With a view to promoting the work of renewal called for by the Holy Father, the Congregation for Bishops and the Congregation for Catholic Education have carefully studied the information collected by the respective Visitators. Keeping in mind the provisions of the document Towards Healing and Renewal issued by the Irish Episcopal Conference, they have communicated their conclusions to the four Metropolitan Archbishops and to the Ecclesiastical Authorities of the seminaries visited, indicating courses of action. The Archbishops and the Ecclesiastical Authorities gave their responses. The Congregation for Institutes of Consecrated Life and for Societies of Apostolic Life is likewise forwarding its conclusions to the Superiors of all Institutes of Consecrated Life and Societies of Apostolic Life with houses in Ireland. A Summary Report will also be presented to the Apostolic Nuncio to be shared with the Bishops of Ireland.

During their stay in Ireland, the Visitators were able themselves to see just how much the shortcomings of the past gave rise to an inadequate understanding of and reaction to the terrible phenomenon of the abuse of minors, not least on the part of various Bishops and Religious Superiors. With a great sense of pain and shame, it must be acknowledged that within the Christian community innocent young people were abused by clerics and Religious to whose care they had been entrusted, while those who should have exercised vigilance often failed to do so effectively. Indeed, “wounds have been inflicted on Christ’s body” (Pastoral Letter of the Holy Father Pope Benedict XVI to the Catholics of Ireland, 19 March 2010). For these faults, forgiveness must once more be asked: from God and from the victims! As Blessed John Paul II said: “there is no place in the priesthood and religious life for those who would harm the young” (Address to the Cardinals of the United States, 23 April 2002).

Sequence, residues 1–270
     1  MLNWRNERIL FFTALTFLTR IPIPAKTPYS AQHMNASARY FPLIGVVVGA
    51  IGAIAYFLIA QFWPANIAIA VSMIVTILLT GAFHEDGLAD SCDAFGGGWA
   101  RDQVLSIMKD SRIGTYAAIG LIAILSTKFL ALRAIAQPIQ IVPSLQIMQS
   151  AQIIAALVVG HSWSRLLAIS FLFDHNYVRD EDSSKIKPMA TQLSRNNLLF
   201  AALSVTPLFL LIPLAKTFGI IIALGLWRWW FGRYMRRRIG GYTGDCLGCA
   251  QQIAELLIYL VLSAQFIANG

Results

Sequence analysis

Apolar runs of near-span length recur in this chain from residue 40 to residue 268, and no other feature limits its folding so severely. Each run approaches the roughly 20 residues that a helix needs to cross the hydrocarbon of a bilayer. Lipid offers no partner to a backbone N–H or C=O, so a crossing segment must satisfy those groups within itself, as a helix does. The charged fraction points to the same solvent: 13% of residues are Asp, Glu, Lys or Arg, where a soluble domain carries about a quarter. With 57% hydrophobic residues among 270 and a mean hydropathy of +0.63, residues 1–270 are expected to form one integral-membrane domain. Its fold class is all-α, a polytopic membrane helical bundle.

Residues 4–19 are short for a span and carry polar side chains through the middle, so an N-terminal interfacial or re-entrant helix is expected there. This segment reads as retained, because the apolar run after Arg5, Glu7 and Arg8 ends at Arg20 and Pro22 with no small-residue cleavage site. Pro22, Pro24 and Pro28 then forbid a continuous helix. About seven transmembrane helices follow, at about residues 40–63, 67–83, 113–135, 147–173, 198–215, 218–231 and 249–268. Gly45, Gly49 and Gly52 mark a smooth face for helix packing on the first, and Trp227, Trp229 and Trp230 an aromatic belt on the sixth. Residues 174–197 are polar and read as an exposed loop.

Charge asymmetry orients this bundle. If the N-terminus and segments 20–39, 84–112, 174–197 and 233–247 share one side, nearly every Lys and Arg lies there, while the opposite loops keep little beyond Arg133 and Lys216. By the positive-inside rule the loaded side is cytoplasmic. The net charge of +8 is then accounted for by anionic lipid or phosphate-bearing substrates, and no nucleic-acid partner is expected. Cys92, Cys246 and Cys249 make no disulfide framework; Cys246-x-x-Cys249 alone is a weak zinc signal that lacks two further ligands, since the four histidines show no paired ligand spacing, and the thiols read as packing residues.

At the same time the Visitators were able to verify that, beginning in the 1990s, progressive steps have been taken towards a greater awareness of how serious is the problem of abuse, both in the Church and society, and how necessary it is to find adequate measures in response.

The Visitation was also intended to determine whether the structures and procedures put in place by the Church in Ireland from that period onwards are adequate to ensure that the tragedy of the abuse of minors will not be repeated. In this regard, the Holy See has made the following observations:

Particular attention has been given to the assistance offered by the Church in Ireland to victims of past abuse. All the Visitators acknowledge that, beginning with the Bishops and Religious Superiors, much attention and care has been shown to the victims, both in terms of spiritual and psychological assistance and also from a legal and financial standpoint. It has been recommended, therefore, that, following the example given by Pope Benedict XVI in his meetings with victims of abuse, the Irish diocesan authorities and those of the Religious Institutes continue to devote much time listening to and receiving victims, providing support for them and their families.
Their meetings with the victims of abuse helped the Visitators to understand better various aspects of the problem of the sexual abuse of minors that took place in Ireland. The Visitators and the Church in Ireland are thankful for this contribution and want to assure them that their well-being is of paramount concern for the Church.
In their meetings with the chief officers of the National Board for Safeguarding Children in the Catholic Church and various diocesan officials, the Visitators were able to verify that the current norms of Safeguarding Children: Standards and Guidance Document for the Catholic Church in Ireland (Guidelines) are being followed. The Visitators welcome the process, already initiated by the National Board for Safeguarding Children in the Catholic Church, of regularly auditing the implementation of the Guidelines. It is recommended that this process of covering all Dioceses and Religious Institutes by regular audits will be implemented in a prompt manner.
In recent years the work of the National Board for Safeguarding Children in the Catholic Church has been thorough and far-reaching, for which reason it should be supported by the Bishops, Religious Superiors and the whole community of the Church in Ireland, and it should continue to receive sufficient personnel and funding.